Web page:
Living a connected life is now inseparable from seeing unspeakable tragedies as they intrude suddenly but seamlessly into the same streams where we chat, work, and play.

On Monday, as a gunman began slaughtering scores on the Las Vegas strip, I sat safely at home, pricey headphones wrapped around my ears, watching a dog video on Twitter. Two clicks later I listened in too-high fidelity as strangers sought cover amid the rat-tat-tat of bullets; even as I felt an impulse to disconnect, as if the scale of the carnage called for a moment of respite or quiet reflection. I failed to look away from the stream of far-flung people absorbing the shock––and sharing their reactions.

Now that tragedy reaches us as it unfolds, across continents, broadcast into our homes in 4K or rendered on Retina displays that glow in the darkness of our bedrooms, the pattern of how we process it has become disconcertingly familiar. I climbed into bed and hugged my wife extra tight. My mind raced. I slept, finally. I awoke, then remembered. All was dreadfully familiar, for the massacre had not been a nightmare, and emotionally raw Americans were expressing anger at one another.

Anger at the people who called for “thoughts and prayers.” As if divine intervention is the answer! Anger at the people diminishing prayer amid tragedy. Don’t they get faith?

Anger at the people intent on or opposed to processing the event as a political happening; anger at those who desperately want more gun control or who just gave to the NRA; anger at those who responded to the mass shooting with assumptions about the killer; anger at a lawyer who got fired for saying she had no sympathy for the victims, because they listened to country music and probably voted for pro-gun Republicans; anger at those who responded to the carnage with grim or ironic humor.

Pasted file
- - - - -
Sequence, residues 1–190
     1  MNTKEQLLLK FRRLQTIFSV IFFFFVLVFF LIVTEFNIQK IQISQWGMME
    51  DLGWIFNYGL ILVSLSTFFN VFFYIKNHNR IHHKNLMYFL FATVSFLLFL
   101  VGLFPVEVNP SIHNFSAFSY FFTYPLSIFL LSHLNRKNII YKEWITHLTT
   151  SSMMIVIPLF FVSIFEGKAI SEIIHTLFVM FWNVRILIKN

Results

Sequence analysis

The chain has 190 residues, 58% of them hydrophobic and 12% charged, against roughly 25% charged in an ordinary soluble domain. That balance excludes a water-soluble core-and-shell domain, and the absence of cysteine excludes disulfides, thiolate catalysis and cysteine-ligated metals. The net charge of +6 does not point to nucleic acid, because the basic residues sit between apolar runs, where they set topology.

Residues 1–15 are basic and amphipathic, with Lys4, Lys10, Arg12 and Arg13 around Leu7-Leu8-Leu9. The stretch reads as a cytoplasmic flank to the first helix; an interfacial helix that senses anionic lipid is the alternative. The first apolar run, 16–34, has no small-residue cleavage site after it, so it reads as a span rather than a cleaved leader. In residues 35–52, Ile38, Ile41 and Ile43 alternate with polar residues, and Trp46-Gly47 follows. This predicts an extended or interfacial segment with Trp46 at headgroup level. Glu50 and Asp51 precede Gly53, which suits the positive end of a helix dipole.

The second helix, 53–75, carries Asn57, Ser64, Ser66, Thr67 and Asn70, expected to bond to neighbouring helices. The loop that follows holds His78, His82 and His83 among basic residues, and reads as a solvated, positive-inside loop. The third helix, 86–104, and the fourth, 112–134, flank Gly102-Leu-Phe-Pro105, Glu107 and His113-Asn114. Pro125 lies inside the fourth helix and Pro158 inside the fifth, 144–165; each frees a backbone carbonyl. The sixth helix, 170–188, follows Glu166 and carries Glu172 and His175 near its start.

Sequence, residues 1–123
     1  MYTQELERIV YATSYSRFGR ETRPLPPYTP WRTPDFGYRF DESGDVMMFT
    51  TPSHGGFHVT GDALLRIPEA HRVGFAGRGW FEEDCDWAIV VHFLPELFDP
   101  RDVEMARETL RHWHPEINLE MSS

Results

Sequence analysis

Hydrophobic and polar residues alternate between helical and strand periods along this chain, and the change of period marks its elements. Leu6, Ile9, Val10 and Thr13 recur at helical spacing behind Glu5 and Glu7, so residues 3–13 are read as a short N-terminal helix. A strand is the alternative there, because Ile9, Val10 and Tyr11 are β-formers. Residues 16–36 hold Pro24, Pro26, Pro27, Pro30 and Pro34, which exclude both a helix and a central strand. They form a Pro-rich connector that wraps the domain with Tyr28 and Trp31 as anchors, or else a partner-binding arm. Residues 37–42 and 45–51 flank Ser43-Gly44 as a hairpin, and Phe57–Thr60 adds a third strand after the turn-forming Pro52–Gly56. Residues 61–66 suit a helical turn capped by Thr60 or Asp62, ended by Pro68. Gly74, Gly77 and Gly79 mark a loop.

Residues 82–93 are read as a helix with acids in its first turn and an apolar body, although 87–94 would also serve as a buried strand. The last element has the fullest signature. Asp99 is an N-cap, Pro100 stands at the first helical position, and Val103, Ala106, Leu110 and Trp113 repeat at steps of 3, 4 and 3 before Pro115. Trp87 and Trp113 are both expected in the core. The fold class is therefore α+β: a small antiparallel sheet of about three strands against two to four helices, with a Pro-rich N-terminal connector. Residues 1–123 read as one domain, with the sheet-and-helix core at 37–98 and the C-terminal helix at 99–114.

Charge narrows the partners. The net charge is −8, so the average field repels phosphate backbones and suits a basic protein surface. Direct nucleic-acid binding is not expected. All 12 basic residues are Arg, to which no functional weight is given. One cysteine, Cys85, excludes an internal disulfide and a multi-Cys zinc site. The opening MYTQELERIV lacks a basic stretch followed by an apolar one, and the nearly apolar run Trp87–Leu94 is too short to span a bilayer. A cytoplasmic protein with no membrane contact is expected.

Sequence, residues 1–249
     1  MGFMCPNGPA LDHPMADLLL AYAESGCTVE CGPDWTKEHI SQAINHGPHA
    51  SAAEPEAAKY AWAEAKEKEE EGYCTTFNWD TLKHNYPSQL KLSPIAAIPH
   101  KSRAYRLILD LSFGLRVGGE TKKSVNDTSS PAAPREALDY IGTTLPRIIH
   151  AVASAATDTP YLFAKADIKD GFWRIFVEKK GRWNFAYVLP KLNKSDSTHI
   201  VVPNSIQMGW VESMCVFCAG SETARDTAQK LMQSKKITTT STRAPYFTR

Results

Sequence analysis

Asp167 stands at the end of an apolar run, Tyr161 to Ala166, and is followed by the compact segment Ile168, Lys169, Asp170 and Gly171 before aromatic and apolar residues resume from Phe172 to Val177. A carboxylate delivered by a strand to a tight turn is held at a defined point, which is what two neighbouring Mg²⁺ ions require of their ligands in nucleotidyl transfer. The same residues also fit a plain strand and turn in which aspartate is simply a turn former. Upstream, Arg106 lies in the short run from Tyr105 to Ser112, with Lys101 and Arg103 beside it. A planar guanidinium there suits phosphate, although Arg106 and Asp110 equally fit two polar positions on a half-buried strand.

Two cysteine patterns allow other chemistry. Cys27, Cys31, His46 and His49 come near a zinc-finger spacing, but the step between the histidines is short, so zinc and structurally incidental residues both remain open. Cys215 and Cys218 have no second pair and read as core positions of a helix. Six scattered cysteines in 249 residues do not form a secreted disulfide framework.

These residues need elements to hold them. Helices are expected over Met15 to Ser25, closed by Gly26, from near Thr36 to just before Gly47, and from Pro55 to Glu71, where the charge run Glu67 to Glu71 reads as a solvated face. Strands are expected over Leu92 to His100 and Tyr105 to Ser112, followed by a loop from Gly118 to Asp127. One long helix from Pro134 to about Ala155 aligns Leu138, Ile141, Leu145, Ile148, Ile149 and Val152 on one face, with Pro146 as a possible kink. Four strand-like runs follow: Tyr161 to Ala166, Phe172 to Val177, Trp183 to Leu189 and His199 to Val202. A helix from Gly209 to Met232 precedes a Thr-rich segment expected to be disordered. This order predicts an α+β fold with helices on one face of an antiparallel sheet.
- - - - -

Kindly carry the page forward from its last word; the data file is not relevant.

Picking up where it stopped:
Like everyone else, I have my own policy views, political sympathies, opinions about good taste and propriety, and preferred approach to public comportment amid tragedy. At times I felt anger welling up as instincts that would guide me in person failed online.

But I try to avoid expressing anger at any honest reaction in such moments, keeping in mind that we all bear tragedy differently; and that among the dead in Las Vegas and the heroes who shielded the living were people who would have reacted in all those ways had the atrocity happened someplace else. I try to be forgiving even of ghastly jokes or callous comments, because many are much better than what they say when suddenly subject to horrors that can scarcely be conceived; insofar as they behave badly, it is rooted in the trauma of helplessly watching the terrible specter of worldly evil.

We’re stuck together in this era of connectedness; we’ll react to many future tragedies together: mass shootings, natural disasters, mass casualty accidents, terrorist attacks, even wars. Human difference ensures that many will have different notions of how one ought to react, and that some will behave badly by most of those standards. To be forgiving of others while trying to be constructive is our charge.

In “September 1, 1939,” W.H. Auden wrote that humans are lost as in a haunted wood.

Defenseless under the night
Our world in stupor lies;
Yet, dotted everywhere,
Ironic points of light
Flash out wherever the Just
Exchange their messages:
May I, composed like them
Of Eros and of dust,
Beleaguered by the same
Negation and despair,
Show an affirming flame.

“We must love one another,” he wrote, “or die.”